Caring for Our Childen (CFOC)

Chapter 3: Health Promotion and Protection

3.1 Health Promotion in Child Care

3.1.3 Physical Activity and Limiting Screen Time

3.1.3.1: Active Opportunities for Physical Activity

Content in the STANDARD was modified on 05/29/2018.


The facility should promote all children’s active play every day. Children should have ample opportunity to do moderate to vigorous activities, such as running, climbing, dancing, skipping, and jumping, to the extent of their abilities.

All children, birth to 6 years of age, should participate daily in:

     a. Two to 3 occasions of active play outdoors, weather permitting (see Standard 3.1.3.2: Playing Outdoors for appropriate weather conditions)

     b. Two or more structured or caregiver/teacher/adult-led activities or games that promote movement over the course of the day—indoor or outdoor

     c. Continuous opportunities to develop and practice age-appropriate gross motor and movement skills

The total time allotted for outdoor play and moderate to vigorous indoor or outdoor physical activity can be adjusted for the age group and weather conditions.

Outdoor play

     a. Infants (birth–12 months of age) should be taken outside 2 to 3 times per day, as tolerated. There is no recommended duration of infants’ outdoor play.

     b. Toddlers (12 – 35 months) and preschoolers (3–6 years) should be allowed 60 to 90 total minutes of outdoor play (1).

These outdoor times can be curtailed somewhat during adverse weather conditions in which children may still play safely outdoors for shorter periods, but the time of indoor activity should increase so the total amount of exercise remains the same.

Total time allotted for moderate to vigorous activities:

     a. Toddlers should be allowed 60 to 90 minutes per 8-hour day for moderate to vigorous physical activity, including running.

     b. Preschoolers should be allowed 90 to 120 minutes per 8-hour day for moderate to vigorous physical activity, including running (1,2).

Infants should have supervised tummy time every day when they are awake. Beginning on the first day at the early care and education program, caregivers/teachers should interact with an awake infant on his/her tummy for short periods (3–5 minutes), increasing the amount of time as the infant shows he/she enjoys the activity (3).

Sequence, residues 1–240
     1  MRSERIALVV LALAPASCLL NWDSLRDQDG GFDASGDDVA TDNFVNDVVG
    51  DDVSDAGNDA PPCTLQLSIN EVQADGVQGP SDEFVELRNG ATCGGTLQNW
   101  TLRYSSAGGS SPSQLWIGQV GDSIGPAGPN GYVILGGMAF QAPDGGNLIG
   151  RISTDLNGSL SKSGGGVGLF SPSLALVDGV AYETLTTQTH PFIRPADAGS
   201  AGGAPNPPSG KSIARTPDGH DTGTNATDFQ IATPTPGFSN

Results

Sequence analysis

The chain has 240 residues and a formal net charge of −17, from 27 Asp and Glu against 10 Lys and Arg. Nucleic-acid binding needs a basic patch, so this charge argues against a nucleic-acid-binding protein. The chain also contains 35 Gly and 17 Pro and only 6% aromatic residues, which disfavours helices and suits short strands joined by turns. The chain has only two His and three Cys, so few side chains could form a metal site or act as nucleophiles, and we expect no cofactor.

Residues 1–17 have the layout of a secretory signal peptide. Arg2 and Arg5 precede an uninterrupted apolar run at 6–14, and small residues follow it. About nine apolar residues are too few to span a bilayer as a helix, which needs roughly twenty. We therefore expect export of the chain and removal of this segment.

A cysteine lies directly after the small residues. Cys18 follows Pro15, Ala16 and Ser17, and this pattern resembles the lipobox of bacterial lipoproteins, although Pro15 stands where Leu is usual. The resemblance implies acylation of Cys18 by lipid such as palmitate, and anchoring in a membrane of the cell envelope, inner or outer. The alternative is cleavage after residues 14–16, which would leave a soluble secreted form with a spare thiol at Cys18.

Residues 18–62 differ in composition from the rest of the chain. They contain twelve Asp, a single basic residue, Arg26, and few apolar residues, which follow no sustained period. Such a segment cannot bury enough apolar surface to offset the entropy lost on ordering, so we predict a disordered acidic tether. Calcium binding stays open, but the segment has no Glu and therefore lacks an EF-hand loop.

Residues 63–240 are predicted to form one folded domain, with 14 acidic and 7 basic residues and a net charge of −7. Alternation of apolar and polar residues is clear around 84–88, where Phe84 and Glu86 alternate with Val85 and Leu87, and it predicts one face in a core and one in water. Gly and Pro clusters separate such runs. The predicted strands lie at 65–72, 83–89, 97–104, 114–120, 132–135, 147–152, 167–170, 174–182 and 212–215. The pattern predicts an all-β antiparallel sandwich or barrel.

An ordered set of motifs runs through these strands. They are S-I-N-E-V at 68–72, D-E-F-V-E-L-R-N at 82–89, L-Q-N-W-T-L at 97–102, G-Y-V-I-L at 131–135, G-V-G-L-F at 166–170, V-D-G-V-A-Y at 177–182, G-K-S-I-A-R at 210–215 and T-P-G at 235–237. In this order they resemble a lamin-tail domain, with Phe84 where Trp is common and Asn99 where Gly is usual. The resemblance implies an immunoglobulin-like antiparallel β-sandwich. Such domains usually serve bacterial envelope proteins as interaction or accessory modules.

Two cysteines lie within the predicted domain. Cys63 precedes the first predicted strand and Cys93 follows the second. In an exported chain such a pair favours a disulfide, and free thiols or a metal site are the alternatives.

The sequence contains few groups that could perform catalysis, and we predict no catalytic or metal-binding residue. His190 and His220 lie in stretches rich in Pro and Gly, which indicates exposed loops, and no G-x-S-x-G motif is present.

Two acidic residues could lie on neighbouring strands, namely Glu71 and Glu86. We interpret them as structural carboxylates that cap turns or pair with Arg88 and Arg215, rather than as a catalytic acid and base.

There are many ways to promote tummy time with infants:

     a. Place yourself or a toy just out of the infant’s reach during playtime to get him/her to reach for you or the toy.

     b. Place toys in a circle around the infant. Reaching to different points in the circle will allow him/her to develop the appropriate muscles to roll over, scoot on his/her belly, and crawl.

     c. Lie on your back and place the infant on your chest. The infant will lift his/her head and use his/her arms to try to see your face (3,4).

Structured activities have been shown to produce higher levels of physical activity in young children, therefore it is recommended that caregivers/teachers incorporate 2 or more short, structured activities or games daily that promote physical activity (5).

Opportunities to actively enjoy physical activity should be incorporated into part-time programs by prorating these recommendations accordingly (eg, 20 minutes of outdoor play for every 3 hours in the facility).

Active play should never be withheld from children who misbehave (eg, child is kept indoors to help another caregiver/teacher while the rest of the children go outside) (6). However, children with out-of-control behavior may need 5 minutes or fewer to calm themselves or settle down before resuming cooperative play or activities.

Infants should not be seated for more than 15 minutes at a time, except during meals or naps (5). Infant equipment, such as swings, stationary activity centers, infant seats (eg, bouncers), and molded seats, should only be used for short periods, if used at all. A least-restrictive environment should be encouraged at all times (7).

Children should have adequate space for indoor and outdoor play.

RATIONALE

Time spent outdoors has been found to be a strong, consistent predictor of children’s physical activity (8). Children can accumulate opportunities for activity over the course of several shorter segments of at least 10 minutes each (9).  Free play, active play, and outdoor play are essential components of young children’s development (10). Children learn through play, developing gross motor, socioemotional, and cognitive skills. During outdoor play, children learn about their environment, science, and nature (10).

Infants’ and young children’s participation in physical activity is critical to their overall health, development of motor skills, social skills, and maintenance of healthy weight (11). Daily physical activity promotes young children’s gross motor development and provides numerous health benefits, including improved fitness and cardiovascular health, healthy bone development, improved sleep, and improved mood and sense of well-being (12).

Toddlers and preschoolers generally accumulate moderate to vigorous physical activity over the course of the day in very short bursts (15–30 seconds) (5). Children may be able to learn better during or immediately after these types of short bursts of physical activity, due to improved attention and focus (13).
Tummy time prepares infants to be able to slide on their bellies and crawl. As infants grow older and stronger they will need more time on their tummies to build their own strength (3).

Childhood obesity prevalence, for children 2 to 5 years old, has steadily decreased from 13.9% in 2004 to 9.4% in 2014 (14). Incorporating government food programs, physical activities, and wellness education into child care centers has been associated with these decreases (15).